• 1, corresponding to the identity_matrix;
• a matrix, whose dimensions must match self and whose base ring must be convertible to the base ring of self;
• a list of entries corresponding to all elements of the new matrix;
• a list of rows with each row given as an iterable;
• coerce – (default: True) whether to coerce x into self;
• copy – (default: True) whether to copy x during construction (makes a difference only if x is a matrix in self).

OUTPUT:

• a matrix in self.

EXAMPLES:

sage: M = MatrixSpace(ZZ, 2)
sage: M.matrix([[1,0],[0,-1]])
[ 1  0]
[ 0 -1]
sage: M.matrix([1,0,0,-1])
[ 1  0]
[ 0 -1]
sage: M.matrix([1,2,3,4])
[1 2]
[3 4]


Note that the last “flip” cannot be performed if x is a matrix, no matter what is rows (it used to be possible but was fixed by Trac 10793):

sage: projection = matrix(ZZ,[[1,0,0],[0,1,0]])
sage: projection
[1 0 0]
[0 1 0]
sage: projection.parent()
Full MatrixSpace of 2 by 3 dense matrices over Integer Ring
sage: M = MatrixSpace(ZZ, 3 , 2)
sage: M
Full MatrixSpace of 3 by 2 dense matrices over Integer Ring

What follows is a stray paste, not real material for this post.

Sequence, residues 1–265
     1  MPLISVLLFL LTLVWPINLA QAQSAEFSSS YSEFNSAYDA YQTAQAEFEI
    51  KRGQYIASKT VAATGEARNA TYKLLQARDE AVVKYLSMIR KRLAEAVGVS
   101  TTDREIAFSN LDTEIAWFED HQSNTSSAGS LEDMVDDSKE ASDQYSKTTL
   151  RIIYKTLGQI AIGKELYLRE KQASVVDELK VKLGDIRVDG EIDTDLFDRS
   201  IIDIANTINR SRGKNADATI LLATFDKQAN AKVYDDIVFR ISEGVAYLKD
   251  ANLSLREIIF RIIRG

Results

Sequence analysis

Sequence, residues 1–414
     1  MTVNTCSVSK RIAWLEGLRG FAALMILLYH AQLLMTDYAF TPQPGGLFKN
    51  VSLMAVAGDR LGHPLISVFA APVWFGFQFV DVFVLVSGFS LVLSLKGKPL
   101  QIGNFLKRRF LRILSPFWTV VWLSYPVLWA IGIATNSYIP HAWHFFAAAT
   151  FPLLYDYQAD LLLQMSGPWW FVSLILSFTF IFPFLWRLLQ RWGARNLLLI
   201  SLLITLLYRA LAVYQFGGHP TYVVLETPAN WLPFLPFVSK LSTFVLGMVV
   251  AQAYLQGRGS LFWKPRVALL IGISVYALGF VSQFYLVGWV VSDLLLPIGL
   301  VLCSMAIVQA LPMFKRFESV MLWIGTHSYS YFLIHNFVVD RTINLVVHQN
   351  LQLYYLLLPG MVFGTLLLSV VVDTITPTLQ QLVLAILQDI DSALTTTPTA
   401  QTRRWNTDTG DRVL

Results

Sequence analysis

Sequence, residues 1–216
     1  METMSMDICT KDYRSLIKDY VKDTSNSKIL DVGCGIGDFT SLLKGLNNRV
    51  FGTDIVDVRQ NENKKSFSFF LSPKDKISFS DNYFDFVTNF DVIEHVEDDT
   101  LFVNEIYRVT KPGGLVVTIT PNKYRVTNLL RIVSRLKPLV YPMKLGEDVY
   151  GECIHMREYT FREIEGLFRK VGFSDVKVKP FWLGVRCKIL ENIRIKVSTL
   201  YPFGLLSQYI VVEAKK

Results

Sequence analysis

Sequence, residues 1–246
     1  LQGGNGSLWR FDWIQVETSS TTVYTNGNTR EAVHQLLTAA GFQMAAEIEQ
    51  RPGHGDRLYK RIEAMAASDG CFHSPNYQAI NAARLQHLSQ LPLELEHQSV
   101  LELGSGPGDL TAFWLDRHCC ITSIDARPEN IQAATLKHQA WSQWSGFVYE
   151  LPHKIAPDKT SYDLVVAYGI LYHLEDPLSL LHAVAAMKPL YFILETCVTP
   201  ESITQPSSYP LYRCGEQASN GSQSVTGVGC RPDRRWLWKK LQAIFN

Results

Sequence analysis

sage: M(projection)
Traceback (most recent call last):
...
ValueError: a matrix from
Full MatrixSpace of 2 by 3 dense matrices over Integer Ring
cannot be converted to a matrix in
Full MatrixSpace of 3 by 2 dense matrices over Integer Ring!


If you really want to make from a matrix another matrix of different dimensions, use either transpose method or explicit conversion to a list:

sage: M(projection.list())
[1 0]
[0 0]
[1 0]


TESTS:

The following corner cases were problematic while working on #10628:

sage: MS = MatrixSpace(ZZ,2,1)
sage: MS([[1],[2]])
[1]
[2]
sage: MS = MatrixSpace(CC,2,1)
sage: F = NumberField(x^2+1, name='x')
sage: MS([F(1),F(0)])
[ 1.00000000000000]
[0.000000000000000]


Trac ticket #10628 allowed to provide the data be lists of matrices, but trac ticket #13012 prohibited it:

sage: MS = MatrixSpace(ZZ,4,2)
sage: MS0 = MatrixSpace(ZZ,2)
sage: MS.matrix([MS0([1,2,3,4]), MS0([5,6,7,8])])
Traceback (most recent call last):
...
TypeError: cannot construct an element of
Full MatrixSpace of 4 by 2 dense matrices over Integer Ring
from [[1 2]
[3 4], [5 6]
[7 8]]!


A mixed list of matrices and vectors is prohibited as well:

sage: MS.matrix( [MS0([1,2,3,4])] + list(MS0([5,6,7,8])) )
Traceback (most recent call last):
...
TypeError: cannot construct an element of
Full MatrixSpace of 4 by 2 dense matrices over Integer Ring
from [[1 2]
[3 4], (5, 6), (7, 8)]!


Check that trac ticket #13302 is fixed:

sage: MatrixSpace(Qp(3),1,1)([Qp(3).zero()])